Tuesday, July 24, 2012

"Trains" by Abraham Lincoln

Abe Lincoln returns with more recollections from the past. This time, Abraham reflects on trains in our area. Do you have memories of the days when trains were much more active in our area? Share them in the comments below the story...

A tragedy on Labor Day of 1945 happened when The Spirit of St. Louis and an automobile collided at the Albert Road crossing. Look magazine did a story about the accident and had a photograph of a baby setting on the street crying. I never knew who that baby was and realize it is now around 60 or 70 years of age. Makes me think the photographer was a man because a woman wouldn't let the baby set there on the street crying but would have scooped it up and tried to calm it down. Instead the man must have walked around and looked at the baby from different angles before taking the photo that appeared on the cover of Look.

The trains that came through Brookville traveled fast. You could stand there and watch the passengers eating in the dining cars. Their faces were mere blurs and passed before you could even react.

Some trains wrecked along Cusick Avenue and it was not uncommon to hear one go off the tracks and make a thunderous noise as the steel wheels bounced across the cross ties. I remember one train was backing up pushing an empty car that ran off the tracks and nearly hit the grain elevator. It made a terrible noise.

The fast train that crossed Route 40 used to mow people down like wheat on the Preble County Line Road crossing south of Verona, Ohio. Somebody was always getting killed there.

My son, Chris, told his younger sister that trains could jump off the tracks and travel across the grass right into our house. Our daughter told us that she was always afraid when she heard the whistles and was relieved when the trains stopped running.

Brookville isn't quite the same since the trains stopped. The rails have been replaced with a beautiful bike path that runs from Trotwood through Brookville to Verona. That was the best thing that happened to the old rail line. My home county, Darke, ignored pleas to convert the old D&U roadbed into a bike path.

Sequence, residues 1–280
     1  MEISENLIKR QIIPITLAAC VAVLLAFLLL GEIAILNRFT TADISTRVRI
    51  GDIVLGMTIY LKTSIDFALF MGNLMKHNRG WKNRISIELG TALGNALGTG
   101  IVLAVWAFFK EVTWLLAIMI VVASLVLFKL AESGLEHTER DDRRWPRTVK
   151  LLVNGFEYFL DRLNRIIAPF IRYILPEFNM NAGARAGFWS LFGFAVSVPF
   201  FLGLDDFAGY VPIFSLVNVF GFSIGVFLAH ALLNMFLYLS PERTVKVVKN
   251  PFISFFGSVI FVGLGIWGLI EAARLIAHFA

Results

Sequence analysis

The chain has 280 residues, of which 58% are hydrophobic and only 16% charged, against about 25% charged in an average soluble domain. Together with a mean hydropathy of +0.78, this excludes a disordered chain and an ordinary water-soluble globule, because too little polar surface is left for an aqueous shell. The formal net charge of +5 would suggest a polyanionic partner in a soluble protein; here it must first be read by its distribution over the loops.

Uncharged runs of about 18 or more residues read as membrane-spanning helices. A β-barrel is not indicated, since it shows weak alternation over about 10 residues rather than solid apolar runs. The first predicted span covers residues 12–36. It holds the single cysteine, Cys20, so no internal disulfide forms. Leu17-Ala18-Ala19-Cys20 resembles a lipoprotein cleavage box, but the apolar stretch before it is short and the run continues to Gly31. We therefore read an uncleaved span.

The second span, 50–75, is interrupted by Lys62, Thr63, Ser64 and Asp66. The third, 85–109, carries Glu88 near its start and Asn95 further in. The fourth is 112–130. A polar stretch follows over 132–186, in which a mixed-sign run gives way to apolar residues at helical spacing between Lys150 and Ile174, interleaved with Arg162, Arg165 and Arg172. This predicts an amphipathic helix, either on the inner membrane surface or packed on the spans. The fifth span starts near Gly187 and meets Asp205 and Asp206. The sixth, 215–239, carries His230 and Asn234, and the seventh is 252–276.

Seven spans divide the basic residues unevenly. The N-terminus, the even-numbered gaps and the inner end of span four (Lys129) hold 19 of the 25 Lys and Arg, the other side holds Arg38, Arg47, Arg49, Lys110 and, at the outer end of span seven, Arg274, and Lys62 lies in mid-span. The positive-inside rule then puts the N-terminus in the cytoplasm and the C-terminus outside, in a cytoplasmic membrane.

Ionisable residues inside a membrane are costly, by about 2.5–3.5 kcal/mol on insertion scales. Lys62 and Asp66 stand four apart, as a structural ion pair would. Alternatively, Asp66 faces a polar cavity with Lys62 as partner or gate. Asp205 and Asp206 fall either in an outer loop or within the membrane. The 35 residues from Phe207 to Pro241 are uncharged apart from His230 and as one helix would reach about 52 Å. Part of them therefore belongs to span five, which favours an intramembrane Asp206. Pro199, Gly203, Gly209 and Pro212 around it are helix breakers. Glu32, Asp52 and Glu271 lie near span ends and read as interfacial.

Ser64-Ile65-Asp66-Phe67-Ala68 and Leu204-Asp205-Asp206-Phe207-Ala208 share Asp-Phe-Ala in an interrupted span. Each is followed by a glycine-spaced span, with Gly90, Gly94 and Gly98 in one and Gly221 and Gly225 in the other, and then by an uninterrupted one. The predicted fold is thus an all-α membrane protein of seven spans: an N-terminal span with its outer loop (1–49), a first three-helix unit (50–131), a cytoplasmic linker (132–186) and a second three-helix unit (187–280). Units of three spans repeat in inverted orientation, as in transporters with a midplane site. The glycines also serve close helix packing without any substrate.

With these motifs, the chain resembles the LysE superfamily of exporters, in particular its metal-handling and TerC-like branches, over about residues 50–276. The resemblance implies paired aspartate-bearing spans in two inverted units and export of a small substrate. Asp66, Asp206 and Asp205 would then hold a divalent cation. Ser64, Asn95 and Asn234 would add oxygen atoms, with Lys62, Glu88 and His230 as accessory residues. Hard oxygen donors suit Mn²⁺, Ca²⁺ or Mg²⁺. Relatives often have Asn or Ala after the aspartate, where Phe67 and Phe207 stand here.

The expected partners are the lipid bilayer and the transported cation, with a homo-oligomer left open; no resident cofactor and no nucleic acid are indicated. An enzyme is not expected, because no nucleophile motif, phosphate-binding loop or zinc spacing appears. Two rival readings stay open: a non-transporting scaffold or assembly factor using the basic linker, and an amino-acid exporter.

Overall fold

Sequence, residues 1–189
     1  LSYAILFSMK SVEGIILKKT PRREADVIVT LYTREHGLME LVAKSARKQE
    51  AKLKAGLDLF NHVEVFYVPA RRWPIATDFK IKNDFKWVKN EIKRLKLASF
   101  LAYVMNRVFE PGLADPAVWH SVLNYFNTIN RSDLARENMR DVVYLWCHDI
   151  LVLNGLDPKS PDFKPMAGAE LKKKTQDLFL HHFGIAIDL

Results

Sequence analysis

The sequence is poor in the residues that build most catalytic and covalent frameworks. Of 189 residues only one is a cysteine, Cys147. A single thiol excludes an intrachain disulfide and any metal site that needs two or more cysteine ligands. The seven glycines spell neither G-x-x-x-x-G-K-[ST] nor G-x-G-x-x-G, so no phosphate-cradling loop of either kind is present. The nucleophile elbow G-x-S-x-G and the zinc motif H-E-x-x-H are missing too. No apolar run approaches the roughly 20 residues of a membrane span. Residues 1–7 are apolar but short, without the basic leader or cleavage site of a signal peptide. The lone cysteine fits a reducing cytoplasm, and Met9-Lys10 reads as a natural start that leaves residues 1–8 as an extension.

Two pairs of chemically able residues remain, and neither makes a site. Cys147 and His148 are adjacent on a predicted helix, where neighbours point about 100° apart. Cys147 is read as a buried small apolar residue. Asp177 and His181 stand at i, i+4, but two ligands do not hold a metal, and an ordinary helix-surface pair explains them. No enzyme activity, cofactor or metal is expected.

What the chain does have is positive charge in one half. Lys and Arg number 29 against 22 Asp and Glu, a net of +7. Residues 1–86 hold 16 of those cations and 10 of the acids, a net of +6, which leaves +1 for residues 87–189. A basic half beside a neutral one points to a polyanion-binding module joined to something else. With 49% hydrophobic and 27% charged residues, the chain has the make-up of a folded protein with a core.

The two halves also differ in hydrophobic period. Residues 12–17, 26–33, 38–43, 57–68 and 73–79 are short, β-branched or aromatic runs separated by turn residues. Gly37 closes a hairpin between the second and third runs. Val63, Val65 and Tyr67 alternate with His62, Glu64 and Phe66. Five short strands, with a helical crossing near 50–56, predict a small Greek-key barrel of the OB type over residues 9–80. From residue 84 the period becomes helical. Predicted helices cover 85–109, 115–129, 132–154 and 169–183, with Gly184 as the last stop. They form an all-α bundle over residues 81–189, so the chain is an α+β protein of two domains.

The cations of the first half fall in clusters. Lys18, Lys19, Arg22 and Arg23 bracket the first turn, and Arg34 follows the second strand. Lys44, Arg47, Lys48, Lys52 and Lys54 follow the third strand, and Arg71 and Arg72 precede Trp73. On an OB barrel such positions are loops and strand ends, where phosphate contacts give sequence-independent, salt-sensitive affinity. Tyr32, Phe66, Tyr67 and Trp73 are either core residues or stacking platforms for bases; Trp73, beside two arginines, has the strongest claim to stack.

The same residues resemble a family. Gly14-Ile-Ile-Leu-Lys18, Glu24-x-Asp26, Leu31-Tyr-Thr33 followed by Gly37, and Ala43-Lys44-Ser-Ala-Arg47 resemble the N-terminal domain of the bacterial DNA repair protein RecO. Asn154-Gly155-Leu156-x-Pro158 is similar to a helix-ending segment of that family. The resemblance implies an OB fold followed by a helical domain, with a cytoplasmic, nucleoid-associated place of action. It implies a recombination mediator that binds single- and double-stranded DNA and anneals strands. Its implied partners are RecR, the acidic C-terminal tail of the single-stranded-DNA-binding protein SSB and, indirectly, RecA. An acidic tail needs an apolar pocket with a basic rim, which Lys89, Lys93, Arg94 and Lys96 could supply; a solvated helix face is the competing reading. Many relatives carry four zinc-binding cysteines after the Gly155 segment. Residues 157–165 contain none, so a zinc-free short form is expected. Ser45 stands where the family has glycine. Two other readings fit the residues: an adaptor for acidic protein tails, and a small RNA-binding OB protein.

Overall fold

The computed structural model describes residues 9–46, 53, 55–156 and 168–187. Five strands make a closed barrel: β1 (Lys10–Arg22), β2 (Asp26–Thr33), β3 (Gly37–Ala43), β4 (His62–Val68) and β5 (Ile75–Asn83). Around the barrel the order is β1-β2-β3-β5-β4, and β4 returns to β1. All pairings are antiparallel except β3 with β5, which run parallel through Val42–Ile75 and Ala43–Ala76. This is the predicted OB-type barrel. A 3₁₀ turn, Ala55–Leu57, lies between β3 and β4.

Electric trains also passed through Brookville and were housed here. I don't know much about them but my dad used to ride an electric train from Gordon to Dayton and from Clayton to work at the DP&L substation on old Route 49 near what is now the Salem Mall. He said they were supposed to observe speed limits but most of the passengers wanted them to go faster and they did.

The last passenger train to Greenville was in 1931 according to the Brookville Historical Society but I remember waving to passengers who were riding on a passenger train that passed through Gordon, Ohio in 1935 or 1936. My mother called me to come and see the old Dayton and Union passenger train steaming into town. I remember the train was covered with flags and bunting and passengers waved and threw candy at us.

During the Second World War we used to set and watch freight trains pass by our house and each car carried tanks or trucks or a couple of Jeeps. It was an amazing sight to see and I wondered how long it would take for those things to get overseas to the war.

There is a story about a fast train that jumped the tracks northwest of Greenville and landed in a swamp and disappeared from sight. I first heard the story when I was about ten years old. People said the steam engine and tender sunk and were never recovered.

I rode a train from Dayton, Ohio to San Francisco, California when I was in the Army and it passed right through Brookville, Ohio. In Chicago I transferred from whatever train I was on to the San Francisco Chief. As I recall it took 4 days and 3 nights to make the trip and I slept in my seat. The clickety-clack of the steel wheels running over the gaps in the rails put me to sleep and the gentle rolling, back and forth, kept me asleep.

I was also fortunate enough to be able to ride trains in Japan long before they were equipped with modern bathrooms. The slits in the bathroom floors was my introduction to life without toilet paper in the Far East.

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